Thursday, August 16, 2018

EDITOR'S NOTE: The Boston Globe has put out the call to newspapers nationwide to publish independent opinion pieces today that counter the notion that journalists are “fake” and “enemies of the people.” My modest contribution to this initiative, below, has also been published online by The Kansas City Star.

From Kashmir to Cameroon to Kansas City, journalists aren't 'enemies of the people'
Kashmiri journalist Shujaat Bukhari  is not an enemy of the people. Neither are the dozens of Cameroonian journalists I met in July, or American journalists like Scott Simon or Laura Ziegler. Actually, these journalists and their colleagues are the exact opposite of enemies: they are servants of the people.

 As we know, community service usually requires some type of sacrifice. For American journalists, these sacrifices might include their peace of mind and having to endure the growing controversy and instability that comes with their vocation. Every day, journalists dodge insults and false accusations, and forge ahead with what must seem like a Sisyphean task of trying to educate citizens about the lives of the voiceless and marginalized in our society. For example, NPR’s Scott Simon recently produced a brilliant, emotional story about how forced separation affected one Guatemalan migrant family. This heart wrenching piece will no doubt be criticized as hopelessly sentimental and biased—the product of a “snowflake.” One can respectfully disagree with Simon’s story selection or the tone of his piece. However, I challenge anyone to listen to this story and come away with the conclusion that Scott Simon is an enemy of the people.

In Kansas City, it seems equally inconceivable that any sane person could think that the dedicated journalists at the Kansas City Star or KCUR-FM, for example, are enemies of the people. Who could believe that the Star’s Mara Rose Williams’ exemplary reporting about education (both K-12 and university), or her numerous tweets touting the accomplishments of the area’s students (“Lincoln College Prep Poets Finish in Top 10”; “Student Wins First Place in Photographic Technology”) position her as anyone’s enemy? The same can be said of any of the fine reporters and producers at KCUR like Laura Ziegler, whose recent insightful story about Tonganoxie, Kansas exemplifies journalism’s potential to serve local communities. Ziegler, Steve Kraske, Gina Kaufmann and their colleagues certainly are not enemies of the people.

While these American journalists feel like they’re figuratively under fire, journalists elsewhere in the world literally are under fire, justifiably fearing arrest, injury, or even death for doing nothing more than performing their duties. The “enemies of the people” rhetoric coming from the U.S. provides a convenient justification for authoritarian governments to crack down on journalists and journalism.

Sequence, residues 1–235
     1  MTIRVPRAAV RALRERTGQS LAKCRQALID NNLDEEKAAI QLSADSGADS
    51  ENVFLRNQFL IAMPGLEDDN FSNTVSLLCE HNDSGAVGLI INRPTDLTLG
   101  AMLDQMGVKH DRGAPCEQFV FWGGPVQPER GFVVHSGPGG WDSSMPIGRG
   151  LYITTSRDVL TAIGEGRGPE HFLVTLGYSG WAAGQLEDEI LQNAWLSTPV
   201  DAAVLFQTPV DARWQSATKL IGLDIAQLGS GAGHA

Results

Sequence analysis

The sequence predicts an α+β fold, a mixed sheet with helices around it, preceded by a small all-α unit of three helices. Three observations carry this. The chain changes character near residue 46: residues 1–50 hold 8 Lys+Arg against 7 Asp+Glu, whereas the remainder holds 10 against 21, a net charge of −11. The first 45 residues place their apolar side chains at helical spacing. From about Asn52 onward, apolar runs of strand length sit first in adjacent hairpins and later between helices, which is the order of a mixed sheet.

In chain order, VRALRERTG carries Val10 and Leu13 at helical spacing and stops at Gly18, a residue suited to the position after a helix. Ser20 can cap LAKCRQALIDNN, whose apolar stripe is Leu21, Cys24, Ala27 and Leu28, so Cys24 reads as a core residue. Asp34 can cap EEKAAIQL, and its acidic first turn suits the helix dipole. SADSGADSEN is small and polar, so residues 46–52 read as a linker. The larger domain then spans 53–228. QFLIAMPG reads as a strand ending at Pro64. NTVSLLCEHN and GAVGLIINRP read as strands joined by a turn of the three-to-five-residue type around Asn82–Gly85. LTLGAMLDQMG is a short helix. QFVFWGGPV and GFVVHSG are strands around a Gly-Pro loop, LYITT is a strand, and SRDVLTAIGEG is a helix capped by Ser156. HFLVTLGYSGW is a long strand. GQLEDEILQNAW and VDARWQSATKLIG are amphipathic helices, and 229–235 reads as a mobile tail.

This is exactly what’s happening in Cameroon, where a paranoid government regularly abuses journalists. During my month teaching peace journalism in Cameroon, I heard dozens of stories of reporters who were threatened, beaten, and jailed for merely doing their jobs. In fact, I witnessed government intimidation first hand, as gendarmes swooped down on one of my workshops and shut it down. Instead of being intimidated by this raid, the Cameroonian journalists in my workshop became more defiant and committed to doing their jobs and serving their communities. Cameroon’s journalists are not anyone’s enemies.

Youngblood (l), and Bukhari (r, in white) at Rising Kashmir
Like his Cameroonian brethren, Shujaat Bukhari, the editor of the Rising Kashmir newspaper in Indian-controlled Kashmir, did his best to serve his violence- plagued community by producing journalism that rejected sectarianism and sensationalism. I met Bukhari while speaking at his newspaper’s offices in 2016, and we discussed Rising Kashmir’s necessary balancing act. In volatile Kashmir, favoring either the Indian authorities or Kashmiri protesters or militants could result in the paper being raided by authorities (as it was in 2016) or the paper’s staff being the target of violence.

As with his colleagues in Cameroon and in the U.S., it was hard for me to imagine how anyone could consider Bukhari an enemy of the people. Yet, sadly, this is exactly what happened two months ago, when an assassin’s bullet cut down Bukhari and two of his bodyguards in front of his newspaper’s offices.

Shujaat Bukhari knew better than most that words matter, and that inflammatory rhetoric  like “enemies of the people” imperils not only the practice of journalism but also journalists themselves.
One can disagree respectfully with journalists and argue that they’re biased. But spouting vitriol like “enemies of the people” ignores the essential  public service being performed by journalists, and disrespects the memory of Shujaat Bukhari and his 1,312 colleagues who have been killed worldwide since 1992. (Committee to Protect Journalists)

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